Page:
nephew. In the end, Ethenwald is forgiven.
A disguise adopted by Dunstan to catch Cutbert the Cutpurse and Coneycatcher. The King disguises as a Gentlemen needing to have Cutbert swear a false oath.
The Gentleman wants to pawn land for money with the broker in scene 4.
A disguise adopted by King Edgar to catch Cutbert the Cutpurse and Coneycatcher. Dunstan disguises as a Farmer to aid in the plot.
He is a plain man of the country who comes to King Edgar and tells him that he is surrounded by flatterers. Honesty, has a "Knack to know a knave" if he does but see his cap. He notices that Perin is a knave, although he will only prove it at the end of the play. He then proceeds to collect knaves for the King: He presents Cutbert the Cutpurse, Walter the Farmer, John the Priest and finally Perin the Courtier to Edgar and Dunstan. He is allowed to punish them in his own fashion at the end of the play.
A "ghost character." One of the two poor old men suggests that his boy Jack could write down what the other old man's horse will speak.
JEFFREY THE TRANSLATOR
A "ghost character," according to the Cobbler he is the mayor of Goteham.
JOHN THE PRECISE
A priest, one of the four sons of the Bailiff of Hexham, the brother of Walter, the farmer, Cutbert Cutpurse, the Coneycatcher and Perin, the courtier. He is a hypocrite who only lends money against securities. A colleague of his must give him his horse till he can repay 50 shillings. When a beggar asks him for a penny, he denies it. But he sends a petition to the King asking to be allowed to deal in tin, wool and clothes overseas. For his punishment at the end of the play, Honesty decides to have him shot to death in Finsbury Fields north of London.
A disguise Perin adopts in front of his brother Cutbert.
Ethenwald's kitchen maid. When King Edgar comes to visit Ethenwald, Alfrida and Osrick, Ethenwald, eager to hide his wife from the King, bids Kate to play Alfrida's part. The King soon finds out that something is wrong, and after having seen Kate in Alfrida's dress he asks to see the kitchen maid. Alfrida comes, dressed as a kitchen maid, but immediately reveals her true identity. Kate tries to go on pretending and becomes most rude to the king.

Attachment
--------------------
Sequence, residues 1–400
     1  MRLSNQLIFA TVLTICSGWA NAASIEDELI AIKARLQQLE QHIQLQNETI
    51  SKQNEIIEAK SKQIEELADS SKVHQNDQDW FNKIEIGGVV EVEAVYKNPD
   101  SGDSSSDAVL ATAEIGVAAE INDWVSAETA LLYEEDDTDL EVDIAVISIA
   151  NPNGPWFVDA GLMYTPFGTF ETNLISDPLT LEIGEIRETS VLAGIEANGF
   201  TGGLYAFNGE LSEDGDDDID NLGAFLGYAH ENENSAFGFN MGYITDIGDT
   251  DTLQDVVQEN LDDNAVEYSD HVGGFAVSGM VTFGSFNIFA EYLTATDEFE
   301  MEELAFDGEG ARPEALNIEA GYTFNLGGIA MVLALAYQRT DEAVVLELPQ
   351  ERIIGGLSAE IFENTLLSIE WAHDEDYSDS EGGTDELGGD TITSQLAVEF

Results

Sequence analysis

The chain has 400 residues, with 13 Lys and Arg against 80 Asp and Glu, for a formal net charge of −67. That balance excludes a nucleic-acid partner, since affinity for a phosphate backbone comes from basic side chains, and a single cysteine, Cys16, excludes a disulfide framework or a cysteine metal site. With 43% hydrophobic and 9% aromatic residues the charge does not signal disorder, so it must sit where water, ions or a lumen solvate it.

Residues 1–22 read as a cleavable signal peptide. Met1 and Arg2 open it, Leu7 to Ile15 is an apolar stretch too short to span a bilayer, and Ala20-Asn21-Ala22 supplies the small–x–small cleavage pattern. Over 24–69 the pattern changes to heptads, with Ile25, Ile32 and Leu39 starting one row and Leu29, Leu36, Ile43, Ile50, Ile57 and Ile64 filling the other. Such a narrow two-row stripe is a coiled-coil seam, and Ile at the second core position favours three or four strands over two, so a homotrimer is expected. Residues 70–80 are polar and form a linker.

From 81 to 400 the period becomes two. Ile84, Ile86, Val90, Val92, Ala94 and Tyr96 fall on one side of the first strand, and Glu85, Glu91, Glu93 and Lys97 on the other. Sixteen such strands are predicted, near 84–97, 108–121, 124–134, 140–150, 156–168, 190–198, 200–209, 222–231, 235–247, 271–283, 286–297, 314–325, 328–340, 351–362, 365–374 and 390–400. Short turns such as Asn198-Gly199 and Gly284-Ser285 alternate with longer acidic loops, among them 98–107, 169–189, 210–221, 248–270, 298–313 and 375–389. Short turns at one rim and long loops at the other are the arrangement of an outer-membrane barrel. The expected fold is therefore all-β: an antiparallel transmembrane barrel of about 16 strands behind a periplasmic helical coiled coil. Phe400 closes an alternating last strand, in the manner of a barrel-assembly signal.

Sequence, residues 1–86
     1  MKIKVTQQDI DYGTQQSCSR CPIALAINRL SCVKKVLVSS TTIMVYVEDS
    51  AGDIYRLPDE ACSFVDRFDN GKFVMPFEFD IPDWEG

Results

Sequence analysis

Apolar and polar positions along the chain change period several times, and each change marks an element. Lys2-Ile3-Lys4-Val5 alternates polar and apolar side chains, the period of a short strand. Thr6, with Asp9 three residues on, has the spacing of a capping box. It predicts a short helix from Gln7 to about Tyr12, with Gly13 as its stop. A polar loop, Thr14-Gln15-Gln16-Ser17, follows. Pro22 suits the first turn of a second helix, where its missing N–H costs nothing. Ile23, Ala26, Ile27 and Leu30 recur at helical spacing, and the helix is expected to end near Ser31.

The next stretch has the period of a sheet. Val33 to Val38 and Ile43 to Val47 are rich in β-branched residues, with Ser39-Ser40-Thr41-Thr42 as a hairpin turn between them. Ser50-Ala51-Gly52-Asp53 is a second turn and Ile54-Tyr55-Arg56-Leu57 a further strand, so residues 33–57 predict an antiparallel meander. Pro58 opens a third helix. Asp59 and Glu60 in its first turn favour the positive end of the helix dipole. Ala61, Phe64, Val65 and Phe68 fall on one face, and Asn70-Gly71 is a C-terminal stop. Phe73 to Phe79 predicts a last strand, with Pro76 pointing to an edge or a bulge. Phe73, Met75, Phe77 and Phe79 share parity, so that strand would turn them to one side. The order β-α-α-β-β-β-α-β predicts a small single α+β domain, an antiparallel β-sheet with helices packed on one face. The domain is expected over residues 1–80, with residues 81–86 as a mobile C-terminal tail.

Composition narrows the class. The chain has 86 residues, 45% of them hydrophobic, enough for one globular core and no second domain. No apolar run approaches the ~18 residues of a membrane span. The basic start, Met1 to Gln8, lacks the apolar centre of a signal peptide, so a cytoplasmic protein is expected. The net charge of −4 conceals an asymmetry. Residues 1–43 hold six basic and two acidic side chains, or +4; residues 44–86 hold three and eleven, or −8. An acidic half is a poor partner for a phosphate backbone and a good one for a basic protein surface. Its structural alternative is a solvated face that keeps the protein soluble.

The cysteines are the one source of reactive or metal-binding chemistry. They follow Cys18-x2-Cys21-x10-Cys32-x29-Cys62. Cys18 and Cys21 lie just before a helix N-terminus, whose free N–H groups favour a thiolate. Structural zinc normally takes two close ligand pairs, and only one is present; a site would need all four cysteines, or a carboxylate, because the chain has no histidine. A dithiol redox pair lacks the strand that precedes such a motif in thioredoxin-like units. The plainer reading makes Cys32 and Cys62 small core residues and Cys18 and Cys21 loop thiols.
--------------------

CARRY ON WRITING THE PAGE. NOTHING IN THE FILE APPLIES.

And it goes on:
King of England. Together with his counselor Dunstan he would like to establish a just government. At the beginning of the play he sets up severe laws, involving death for murder, felony and rape. Honesty appears and tells him that there are still many knaves around and that he has a "knack to know a knave." Honesty then goes out to "discover" the four sons of the Bailiff of Hexham, first Cutbert, then Walter, then John and finally Perin. The ultimate discovery is always in front of Edgar and Dunstan, in the first case, for the detection of Cutbert, they must disguise themselves as a farmer and a gentleman. While Honesty is detecting knaves, Edgar wants to find himself a concubine. Having heard of Alfrida's beauty, Edgar would like her, but Dunstan insists he should marry her. Edgar sends Ethenwald to woo her for him. Ethenwald appears and tells him that Alfrida has a "black" face and was only fit to serve an earl but not a king. The King finds this strange, but asks him whether he loves her and wishes them luck for their marriage. He asks Dunstan what kind of punishment he would give for somebody who dissembled in front of the king, and Dunstan recommends death. Ethenwald shall be tested and shall die if he dissembles, the King decides. He then asks Perin whether Alfrida was so ugly, and Perin confesses that Ethenwald has dissembled. When he goes to see Ethenwald, Kate the kitchen maid is presented to him as Alfrida. Her manners and language betray her, and Perin betrays Ethenwald by whispering to Edgar that this is Kate, the kitchen maid, and not Alfrida. Edgar then asks to see the kitchen maid, who admits to being the lady of the house. Dunstan admonishes him against adultery and attempts to protect his nephew. But Edgar remains resolved that Ethenwald should die till the end, when Honesty has detected all four "knaves." Edgar leaves it to him to punish them severely, but Ethenwald is finally forgiven.
Alfrida has to dress as the kitchen maid when King Edgar comes to see her. q.v. Kate is the kitchen maid, but it is also a disguise assumed by Alfrida at Ethenwald's request.
The Squire's brother. He follows the old aristocratic values of keeping an open house for everybody and helping the poor, but he notices that this is no longer fashionable and that he is running out of money. Walter, the farmer, tells him to save expenses by dismissing his servants and by inviting fewer guests. He must also brew weaker beer and other such money-saving ploys. But the Knight thinks his goods are lent to him to "relieve his needy brethren". When he witnesses Walter's behavior towards the two poor old men he pays the 40 shillings to the Bailiff to set them free. When Perin comes to ask for money to lend to the King, he can give only £20. He invites Honesty to eat with him and his brother.
MADMEN OF GOTEHAM
In a comic interlude a Smith, a Miller and a Cobbler decide to deliver a